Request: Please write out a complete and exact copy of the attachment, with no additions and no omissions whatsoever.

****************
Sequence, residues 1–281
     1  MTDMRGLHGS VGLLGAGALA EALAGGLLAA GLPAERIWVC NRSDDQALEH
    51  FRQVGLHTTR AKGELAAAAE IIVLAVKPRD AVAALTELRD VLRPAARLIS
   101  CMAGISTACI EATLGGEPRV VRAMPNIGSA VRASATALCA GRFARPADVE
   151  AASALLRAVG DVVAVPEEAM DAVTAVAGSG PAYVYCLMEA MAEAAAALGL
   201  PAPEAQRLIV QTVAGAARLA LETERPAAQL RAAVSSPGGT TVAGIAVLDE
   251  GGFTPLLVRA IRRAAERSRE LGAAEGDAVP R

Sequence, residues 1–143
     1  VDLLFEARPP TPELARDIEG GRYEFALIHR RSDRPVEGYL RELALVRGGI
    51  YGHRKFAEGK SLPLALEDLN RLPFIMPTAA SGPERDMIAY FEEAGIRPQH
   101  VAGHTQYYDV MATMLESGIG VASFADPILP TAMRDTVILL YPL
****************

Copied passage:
Sequence, residues 1–281
     1  MTDMRGLHGS VGLLGAGALA EALAGGLLAA GLPAERIWVC NRSDDQALEH
    51  FRQVGLHTTR AKGELAAAAE IIVLAVKPRD AVAALTELRD VLRPAARLIS
   101  CMAGISTACI EATLGGEPRV VRAMPNIGSA VRASATALCA GRFARPADVE
   151  AASALLRAVG DVVAVPEEAM DAVTAVAGSG PAYVYCLMEA MAEAAAALGL
   201  PAPEAQRLIV QTVAGAARLA LETERPAAQL RAAVSSPGGT TVAGIAVLDE
   251  GGFTPLLVRA IRRAAERSRE LGAAEGDAVP R

Sequence, residues 1–143
     1  VDLLFEARPP TPELARDIEG GRYEFALIHR RSDRPVEGYL RELALVRGGI
    51  YGHRKFAEGK SLPLALEDLN RLPFIMPTAA SGPERDMIAY FEEAGIRPQH
   101  VAGHTQYYDV MATMLESGIG VASFADPILP TAMRDTVILL YPL